Stuck at home with telehealth? Kids just won’t do the exercises with you and look at you with the cutest little eyes? We at NAPA love to pick toys and games which are not only age-appropriate and educational, but also provide A TON OF repetitions. Oh, and don’t forget, they are also SUPER fun!
Motivation is the key to success in any exercises, especially with those required repetition.
These special needs games are “therapist-approved” because of the many advantages they offer to help your child in various developmental areas. While we are recommending these games for special needs families, they are great games for all children and families!
This is an all-time classic! I love to role-play with the kiddo during the therapy session pretending we are pirates. For instance, we retrieve the swords at the starting line then walk over the mountains (or walk across a balance beam) to race our beloved pirate against the therapist or the caregiver to see who is the king pirate of the session. Kids can also work on their visual-motor skills, forearm supination, and finger strength when they draw the sword in the barrel. When the pirate pops, it’s a perfect form of feedback, providing the child with a sense of achievement for all the hard work they just did.
This special needs game is easy to set-up and requires effortless clean up after playing! Kids press down on a tooth, and watch out for the crocodile chomp if it’s sore. I like to put the crocodile on an elevated surface like a sofa or a coffee table for kids to work on their upright transition skills. Then I can also move the crocodile away saying “Oh! The crocodile is running, go get him!” to encourage kids to work on their cruising or transition in between surfaces. The crocodile’s chomp will bring the best laugh to your kids and make the exercises super fun!
This game is another one I like to use often in therapy sessions with our older kids. The kids roll a dice and find the matching color burger with the number on the back, then pump the piggy correspondingly. This is great to help kids work on color naming, and recognizing numbers. It is also beneficial to their fine motor skills and shoulder stability since it takes a great deal to pump the piggy head. To make the game more interactive, I like to put the the piggy and burgers on both ends of my session set-up so we can either walk across hurdles, climb up graded surfaces, or walk over stepping stones to help our very hungry piggy to stay full!
This game is another super fun one, just make sure it has a full battery. You can let the kids help the set-up by using the pincer tool to put the fluttery butterfly in. Then turn on the switch and catch as many butterflies as you can! Elefun is a perfect game for working on standing balance without holding onto anything. I like to have kids transition from the floor to standing using either 4 point or half kneel, and then work on their standing balance while they are busy catching these beautiful butterflies. Once you’re done playing, you can also encourage the kids to squat down to pick the butterfly up.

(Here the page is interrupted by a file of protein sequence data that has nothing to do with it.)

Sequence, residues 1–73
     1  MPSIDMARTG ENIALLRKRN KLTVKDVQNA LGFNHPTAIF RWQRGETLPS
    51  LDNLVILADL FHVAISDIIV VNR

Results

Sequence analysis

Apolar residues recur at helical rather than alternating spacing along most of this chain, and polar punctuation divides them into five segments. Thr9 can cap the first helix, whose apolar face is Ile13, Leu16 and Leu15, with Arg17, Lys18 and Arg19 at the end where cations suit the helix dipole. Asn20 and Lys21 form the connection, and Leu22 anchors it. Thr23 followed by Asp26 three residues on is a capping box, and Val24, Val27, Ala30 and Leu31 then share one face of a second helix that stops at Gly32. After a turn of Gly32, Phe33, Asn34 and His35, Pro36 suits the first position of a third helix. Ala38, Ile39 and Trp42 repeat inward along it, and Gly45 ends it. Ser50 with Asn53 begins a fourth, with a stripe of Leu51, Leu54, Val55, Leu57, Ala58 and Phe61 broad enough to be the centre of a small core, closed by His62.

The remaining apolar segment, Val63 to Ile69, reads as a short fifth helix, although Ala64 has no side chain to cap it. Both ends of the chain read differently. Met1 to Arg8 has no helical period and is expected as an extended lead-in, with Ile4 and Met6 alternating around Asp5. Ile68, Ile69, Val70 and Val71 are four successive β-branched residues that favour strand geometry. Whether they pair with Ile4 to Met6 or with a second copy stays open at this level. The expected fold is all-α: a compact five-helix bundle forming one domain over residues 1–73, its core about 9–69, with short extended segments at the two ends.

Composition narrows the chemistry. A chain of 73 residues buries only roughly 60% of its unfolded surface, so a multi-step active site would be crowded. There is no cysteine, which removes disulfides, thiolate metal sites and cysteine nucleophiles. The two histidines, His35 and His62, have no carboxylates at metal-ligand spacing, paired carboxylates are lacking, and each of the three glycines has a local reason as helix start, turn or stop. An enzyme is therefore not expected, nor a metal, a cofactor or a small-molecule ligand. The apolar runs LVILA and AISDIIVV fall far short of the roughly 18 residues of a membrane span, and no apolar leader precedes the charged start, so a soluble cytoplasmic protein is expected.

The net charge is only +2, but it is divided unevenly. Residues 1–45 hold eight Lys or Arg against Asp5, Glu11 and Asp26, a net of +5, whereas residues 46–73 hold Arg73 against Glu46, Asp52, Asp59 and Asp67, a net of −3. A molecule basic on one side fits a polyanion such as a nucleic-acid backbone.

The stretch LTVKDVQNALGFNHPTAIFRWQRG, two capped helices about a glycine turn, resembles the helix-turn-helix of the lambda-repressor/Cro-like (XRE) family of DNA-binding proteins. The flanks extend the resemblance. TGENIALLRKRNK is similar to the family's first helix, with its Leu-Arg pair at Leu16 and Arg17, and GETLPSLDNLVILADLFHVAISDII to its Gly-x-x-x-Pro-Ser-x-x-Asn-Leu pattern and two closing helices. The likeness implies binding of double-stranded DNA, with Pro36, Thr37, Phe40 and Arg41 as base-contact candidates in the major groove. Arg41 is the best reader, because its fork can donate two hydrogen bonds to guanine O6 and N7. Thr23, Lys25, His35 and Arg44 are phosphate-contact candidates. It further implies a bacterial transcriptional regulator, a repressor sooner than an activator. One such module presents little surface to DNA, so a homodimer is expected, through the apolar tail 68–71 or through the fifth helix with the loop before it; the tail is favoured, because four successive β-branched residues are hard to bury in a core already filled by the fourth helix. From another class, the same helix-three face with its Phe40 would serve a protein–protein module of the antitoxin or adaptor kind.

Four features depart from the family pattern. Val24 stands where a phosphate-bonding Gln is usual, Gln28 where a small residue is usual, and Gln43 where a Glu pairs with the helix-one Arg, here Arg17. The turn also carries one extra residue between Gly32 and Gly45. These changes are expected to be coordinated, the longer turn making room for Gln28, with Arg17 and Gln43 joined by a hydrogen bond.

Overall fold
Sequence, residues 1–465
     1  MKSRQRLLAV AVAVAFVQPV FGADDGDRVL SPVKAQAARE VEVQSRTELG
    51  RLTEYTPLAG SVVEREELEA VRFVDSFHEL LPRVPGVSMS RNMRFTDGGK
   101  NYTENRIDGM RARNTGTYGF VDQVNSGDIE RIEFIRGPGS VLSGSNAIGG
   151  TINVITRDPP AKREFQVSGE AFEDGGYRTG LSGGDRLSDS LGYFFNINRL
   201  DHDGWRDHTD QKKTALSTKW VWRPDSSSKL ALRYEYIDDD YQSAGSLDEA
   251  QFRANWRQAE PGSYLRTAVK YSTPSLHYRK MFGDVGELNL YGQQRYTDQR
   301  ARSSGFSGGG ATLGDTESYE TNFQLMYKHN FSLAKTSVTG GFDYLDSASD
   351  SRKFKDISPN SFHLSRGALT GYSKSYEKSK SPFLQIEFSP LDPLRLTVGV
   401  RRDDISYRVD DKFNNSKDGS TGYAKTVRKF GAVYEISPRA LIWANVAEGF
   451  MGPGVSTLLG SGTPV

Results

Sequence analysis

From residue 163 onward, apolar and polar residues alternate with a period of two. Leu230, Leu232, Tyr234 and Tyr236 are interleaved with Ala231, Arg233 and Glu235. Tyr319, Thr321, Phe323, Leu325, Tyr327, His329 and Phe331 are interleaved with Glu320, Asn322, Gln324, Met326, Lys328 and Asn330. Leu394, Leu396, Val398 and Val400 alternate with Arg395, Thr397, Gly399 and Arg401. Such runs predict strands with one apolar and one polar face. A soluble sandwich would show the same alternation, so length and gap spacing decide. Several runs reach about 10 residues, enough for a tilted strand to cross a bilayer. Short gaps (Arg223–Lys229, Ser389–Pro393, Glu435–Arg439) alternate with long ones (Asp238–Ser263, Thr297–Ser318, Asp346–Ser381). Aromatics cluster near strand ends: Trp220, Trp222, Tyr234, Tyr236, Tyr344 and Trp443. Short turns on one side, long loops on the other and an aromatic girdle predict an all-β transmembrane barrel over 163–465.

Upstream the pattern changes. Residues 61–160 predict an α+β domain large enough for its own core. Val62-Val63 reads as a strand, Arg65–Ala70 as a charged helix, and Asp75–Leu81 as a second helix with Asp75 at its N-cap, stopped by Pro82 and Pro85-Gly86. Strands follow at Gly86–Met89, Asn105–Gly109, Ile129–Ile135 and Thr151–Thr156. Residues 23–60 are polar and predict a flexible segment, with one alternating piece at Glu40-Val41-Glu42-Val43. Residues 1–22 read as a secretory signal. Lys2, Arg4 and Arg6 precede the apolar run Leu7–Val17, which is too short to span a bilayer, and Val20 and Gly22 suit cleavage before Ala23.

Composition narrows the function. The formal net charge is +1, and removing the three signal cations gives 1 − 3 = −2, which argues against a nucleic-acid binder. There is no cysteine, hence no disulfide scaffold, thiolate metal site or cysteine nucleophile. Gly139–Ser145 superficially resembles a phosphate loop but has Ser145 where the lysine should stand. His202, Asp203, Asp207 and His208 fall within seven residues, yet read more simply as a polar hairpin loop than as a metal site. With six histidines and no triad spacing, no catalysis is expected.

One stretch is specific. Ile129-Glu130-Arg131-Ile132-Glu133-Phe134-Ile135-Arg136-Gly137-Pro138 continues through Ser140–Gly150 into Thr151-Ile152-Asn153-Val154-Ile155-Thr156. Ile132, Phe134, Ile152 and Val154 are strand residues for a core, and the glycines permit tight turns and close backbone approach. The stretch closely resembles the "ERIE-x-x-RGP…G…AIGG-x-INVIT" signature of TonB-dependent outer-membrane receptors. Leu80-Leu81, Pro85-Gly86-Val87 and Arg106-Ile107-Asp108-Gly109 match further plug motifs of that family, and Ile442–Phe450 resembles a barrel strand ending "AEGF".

I absolutely love this game for older kids, usually at least 5 or older. You can team up with siblings, grandparents, or anyone who will join in and just follow the direction of the card to put your hands or feet on the corresponding color. Twister offers a great way for kids to learn how to identify their bodies in space, while also improving core strength. The closed chain exercise gives the best input to our joints and strengthens the muscles that surround them. Teaming up with other people also facilitates social interaction and social connection, helping build positive peer acceptance.
Big plus: It’s the perfect time for our kids to use their ultimate goofy energy!
This one is not exactly a board game, but it’s a great game to involve the whole family in some core-blasting exercises. I love having 2 or 3 people together. We all take turns to draw a card and see who finishes the directions the fastest. FitDeck has tons of cool exercises for the whole body, including the flamingo stance, sit-ups, V-ups, and knee push ups. You can also have the kids read the directions and try mimicking the exercises as the picture shows. This is a great way to facilitate motor planning and motor execution. Also, there is no better way to motivate the kids to exercise than to involve everyone!
Geoffrey Chein grew up in Taiwan and always enjoyed working with kids. When he found out about NAPA Center, he immediately fell in love with the big NAPA family and was glad to find a “one stop shop” for all contemporary therapies. Outside of the clinic, he enjoys spending time with his dog and his husband, exploring different restaurants and will even travel out-of-state for a nice medium rare steak!